Trump's Tulsa rally suffered a further setback when it was scheduled originally for this Friday, which is the June 19th or "Juneteenth" anniversary of the end of slavery in the United States.

Amid soaring racial tensions and anger from civil rights groups at his handling of the police violence protests, that struck the wrong tone and Trump was forced to shift to Saturday.

"Nobody had ever heard of it," he claimed in a Wall Street Journal interview published Thursday. "I did something good: I made Juneteenth very famous."

In fact, the White House annually puts out a statement commemorating the occasion, which is also marked by nearly all US states.

DONALD TRUMP
As It Happens
LATEST UPDATE: October 28, 2020 - 11:14am

Monitor updates on the 2020 presidential race in the United States.

October 28, 2020 - 11:14am

Virtual fundraisers with Hollywood and Democratic leaders have combined with powerful anti-Donald Trump sentiment to prompt an unprecedented flood of donations in California -- the nation's wealthiest state, long seen as the party's election cash cow.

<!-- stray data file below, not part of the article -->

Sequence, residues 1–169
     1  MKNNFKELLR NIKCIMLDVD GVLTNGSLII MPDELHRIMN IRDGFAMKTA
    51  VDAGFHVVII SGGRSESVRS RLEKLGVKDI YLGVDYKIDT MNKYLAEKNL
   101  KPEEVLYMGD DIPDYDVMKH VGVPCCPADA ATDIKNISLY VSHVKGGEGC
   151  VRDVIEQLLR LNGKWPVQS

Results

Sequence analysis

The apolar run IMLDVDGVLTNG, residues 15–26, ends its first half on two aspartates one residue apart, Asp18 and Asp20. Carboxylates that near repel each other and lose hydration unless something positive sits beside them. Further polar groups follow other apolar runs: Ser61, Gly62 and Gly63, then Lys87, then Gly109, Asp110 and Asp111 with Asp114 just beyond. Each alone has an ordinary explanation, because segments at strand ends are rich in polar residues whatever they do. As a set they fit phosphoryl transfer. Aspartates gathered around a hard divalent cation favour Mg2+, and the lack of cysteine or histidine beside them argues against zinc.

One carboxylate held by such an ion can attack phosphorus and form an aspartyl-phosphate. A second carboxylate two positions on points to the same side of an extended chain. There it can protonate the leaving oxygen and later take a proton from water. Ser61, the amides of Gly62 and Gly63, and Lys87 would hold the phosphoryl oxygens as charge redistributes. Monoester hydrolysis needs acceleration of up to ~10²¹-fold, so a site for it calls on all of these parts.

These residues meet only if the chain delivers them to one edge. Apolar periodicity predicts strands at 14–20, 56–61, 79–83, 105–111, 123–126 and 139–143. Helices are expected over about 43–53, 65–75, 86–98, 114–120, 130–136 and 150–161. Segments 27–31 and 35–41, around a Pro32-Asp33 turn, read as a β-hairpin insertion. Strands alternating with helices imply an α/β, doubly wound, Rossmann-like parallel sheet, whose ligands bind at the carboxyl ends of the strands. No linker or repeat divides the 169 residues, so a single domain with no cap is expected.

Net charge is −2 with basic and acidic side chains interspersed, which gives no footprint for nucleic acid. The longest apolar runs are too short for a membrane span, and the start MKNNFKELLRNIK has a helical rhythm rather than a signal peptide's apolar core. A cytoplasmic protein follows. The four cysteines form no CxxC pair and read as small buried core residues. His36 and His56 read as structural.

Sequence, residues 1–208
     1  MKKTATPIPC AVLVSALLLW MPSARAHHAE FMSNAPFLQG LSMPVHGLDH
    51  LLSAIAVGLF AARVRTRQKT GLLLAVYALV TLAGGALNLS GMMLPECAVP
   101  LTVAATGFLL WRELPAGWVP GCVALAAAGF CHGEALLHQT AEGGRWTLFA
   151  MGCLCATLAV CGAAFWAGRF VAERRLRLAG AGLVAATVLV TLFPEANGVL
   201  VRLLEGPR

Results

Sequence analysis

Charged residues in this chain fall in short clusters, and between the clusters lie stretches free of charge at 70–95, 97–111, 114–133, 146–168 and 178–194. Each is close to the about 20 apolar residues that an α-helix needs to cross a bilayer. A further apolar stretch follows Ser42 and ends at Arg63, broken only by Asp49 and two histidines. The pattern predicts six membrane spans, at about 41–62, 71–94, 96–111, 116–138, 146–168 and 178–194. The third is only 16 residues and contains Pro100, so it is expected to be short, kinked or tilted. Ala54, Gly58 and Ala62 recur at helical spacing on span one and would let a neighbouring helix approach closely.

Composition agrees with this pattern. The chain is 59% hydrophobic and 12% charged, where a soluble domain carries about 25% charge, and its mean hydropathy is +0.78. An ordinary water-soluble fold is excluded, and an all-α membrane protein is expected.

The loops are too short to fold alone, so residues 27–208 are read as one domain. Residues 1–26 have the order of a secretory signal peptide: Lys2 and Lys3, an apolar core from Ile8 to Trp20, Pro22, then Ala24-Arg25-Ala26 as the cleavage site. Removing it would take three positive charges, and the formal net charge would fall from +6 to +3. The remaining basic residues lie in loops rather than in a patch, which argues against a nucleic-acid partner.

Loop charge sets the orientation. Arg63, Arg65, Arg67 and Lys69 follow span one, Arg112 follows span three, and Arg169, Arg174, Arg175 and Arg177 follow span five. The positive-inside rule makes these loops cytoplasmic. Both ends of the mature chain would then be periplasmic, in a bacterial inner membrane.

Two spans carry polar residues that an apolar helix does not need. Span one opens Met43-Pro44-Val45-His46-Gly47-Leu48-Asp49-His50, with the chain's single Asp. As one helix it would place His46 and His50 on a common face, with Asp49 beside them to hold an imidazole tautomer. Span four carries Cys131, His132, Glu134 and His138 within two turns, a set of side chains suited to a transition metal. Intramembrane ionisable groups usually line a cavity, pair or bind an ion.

As the race for the White House reaches its blockbuster finale, both campaigns are mounting breakneck tours of swing states, and are notably absent in the liberal Golden State where Biden leads Trump by over 30 points.

But while Californians can't sway the race by voting, Democratic insiders say they have never witnessed such an extraordinary boom in fundraising and celebrity activism -- even as a deadly pandemic pushes events online. — AFP

October 24, 2020 - 9:20am

Donald Trump launches an intense last-ditch reelection push in Florida, insisting that COVID-19 is disappearing, while frontrunner Joe Biden hammers his message that the president had abdicated responsibility for a pandemic that is actually surging.

With 50 million people having already cast early ballots, Biden has a firm lead in national polls, as well as in most of the battleground states like Florida that typically decide the winner of US presidential elections.

The drama of the final Trump-Biden televised debate on Thursday was thought unlikely to move the needle significantly. — AFP